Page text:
• Each discipline has lower-order and higher knowledge and skills. While rote memorization of facts and information is one aspect of getting better at problem solving, no amount of such memorization can make you good at problem solving within a discipline.

Activity

In your small group, think about the emphasis on lower-order knowledge and skills versus the emphasis on higher-order knowledge and skills in the curriculum and assessment. Discuss:

  • Roughly what percentage of student learning time and effort focused on lower-order knowledge and skills at the elementary school level (grades K-5) and at the secondary school level (grades 6-12)?
  • Are there significant differences among the different disciplines, in terms of the teaching emphasis on lower-order versus higher-order knowledge and skills?

At the current time, the following beam balance scale represents our educational system's treatment of lower-order and higher-order knowledge and skills.

 

Beam balance of lower-order versus higher-order knowledge and skills. Lower-order is the more heavily emphasized side.

 

 

Information Retrieval Using the Web

This section requires good Web access. If that is not available, skip this section.

The Web can be thought of as being a Global Library. Problem: How do you find what you want to find when faced by such a huge library?

Example: Suppose that you wanted to know more about me (Dave Moursund).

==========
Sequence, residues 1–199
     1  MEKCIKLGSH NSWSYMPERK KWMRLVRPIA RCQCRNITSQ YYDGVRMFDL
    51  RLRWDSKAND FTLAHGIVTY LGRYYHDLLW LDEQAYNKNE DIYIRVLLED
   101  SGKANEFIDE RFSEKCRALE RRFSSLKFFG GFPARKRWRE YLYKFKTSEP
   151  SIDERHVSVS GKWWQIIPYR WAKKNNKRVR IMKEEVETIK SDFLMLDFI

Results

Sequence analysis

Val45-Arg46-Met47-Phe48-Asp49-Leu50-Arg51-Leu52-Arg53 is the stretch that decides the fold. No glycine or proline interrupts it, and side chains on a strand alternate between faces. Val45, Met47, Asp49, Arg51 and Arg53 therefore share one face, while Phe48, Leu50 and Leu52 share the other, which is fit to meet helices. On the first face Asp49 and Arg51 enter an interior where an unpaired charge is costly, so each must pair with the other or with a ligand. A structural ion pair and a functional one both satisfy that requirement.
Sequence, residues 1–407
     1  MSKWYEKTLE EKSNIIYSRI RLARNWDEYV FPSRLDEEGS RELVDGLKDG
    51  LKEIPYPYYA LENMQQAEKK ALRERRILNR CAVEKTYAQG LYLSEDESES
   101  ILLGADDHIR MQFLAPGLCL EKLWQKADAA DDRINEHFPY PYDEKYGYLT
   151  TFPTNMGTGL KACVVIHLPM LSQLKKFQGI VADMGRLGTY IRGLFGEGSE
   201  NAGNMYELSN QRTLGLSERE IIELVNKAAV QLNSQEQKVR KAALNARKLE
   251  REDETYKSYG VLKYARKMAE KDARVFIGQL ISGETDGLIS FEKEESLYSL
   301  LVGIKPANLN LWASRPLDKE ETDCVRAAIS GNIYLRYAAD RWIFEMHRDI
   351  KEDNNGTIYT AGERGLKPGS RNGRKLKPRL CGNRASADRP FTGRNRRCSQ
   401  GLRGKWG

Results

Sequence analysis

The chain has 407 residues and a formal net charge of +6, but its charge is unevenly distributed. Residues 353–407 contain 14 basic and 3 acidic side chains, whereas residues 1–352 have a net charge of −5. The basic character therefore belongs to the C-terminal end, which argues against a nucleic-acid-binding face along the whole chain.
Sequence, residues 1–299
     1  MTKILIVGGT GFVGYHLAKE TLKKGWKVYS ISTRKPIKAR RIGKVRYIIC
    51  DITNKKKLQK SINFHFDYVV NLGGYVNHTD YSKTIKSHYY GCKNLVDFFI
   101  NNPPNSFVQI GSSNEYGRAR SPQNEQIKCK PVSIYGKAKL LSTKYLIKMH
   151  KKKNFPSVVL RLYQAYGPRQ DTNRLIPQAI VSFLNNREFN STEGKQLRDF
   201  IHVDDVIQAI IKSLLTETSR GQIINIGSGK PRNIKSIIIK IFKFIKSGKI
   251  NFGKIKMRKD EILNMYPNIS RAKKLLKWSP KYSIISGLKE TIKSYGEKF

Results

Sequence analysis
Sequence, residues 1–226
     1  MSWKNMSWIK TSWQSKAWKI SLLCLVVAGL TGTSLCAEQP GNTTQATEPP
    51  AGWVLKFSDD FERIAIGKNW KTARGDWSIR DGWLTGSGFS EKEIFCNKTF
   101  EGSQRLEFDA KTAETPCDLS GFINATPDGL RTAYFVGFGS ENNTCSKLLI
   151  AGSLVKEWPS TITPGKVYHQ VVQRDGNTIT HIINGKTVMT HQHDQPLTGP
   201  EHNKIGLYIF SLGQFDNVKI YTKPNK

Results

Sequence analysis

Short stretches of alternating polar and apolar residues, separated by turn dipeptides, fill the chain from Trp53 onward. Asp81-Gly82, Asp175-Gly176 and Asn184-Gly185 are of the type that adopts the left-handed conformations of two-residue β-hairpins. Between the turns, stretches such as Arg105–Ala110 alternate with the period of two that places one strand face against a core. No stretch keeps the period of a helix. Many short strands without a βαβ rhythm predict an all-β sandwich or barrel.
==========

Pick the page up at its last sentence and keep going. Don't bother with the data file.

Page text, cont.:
Answer: Use a search engine such as Google. Lets try the search word Moursund. Then try David Moursund. then try "David Moursund"

Example: Now, suppose that you want to know where I went to college as an undergraduate. How do you find information? How about using Google and the search phrase

  • Where did David Moursund do his undergraduate college work?

This doesn't work very well. But it would work really well if you were talking to a person who knew the answer. There is a difference between retrieving information from a book, from a computer, and from a person.

You might try: using a phrase in the search.

  • "David Moursund" resume
  • "David Moursund" vita

Conclusion: Even in this simple task we see that there is quite a bit to learn in dealing with the problem of finding information. It takes a lot of education and practice to be good at solving information retrieval problems.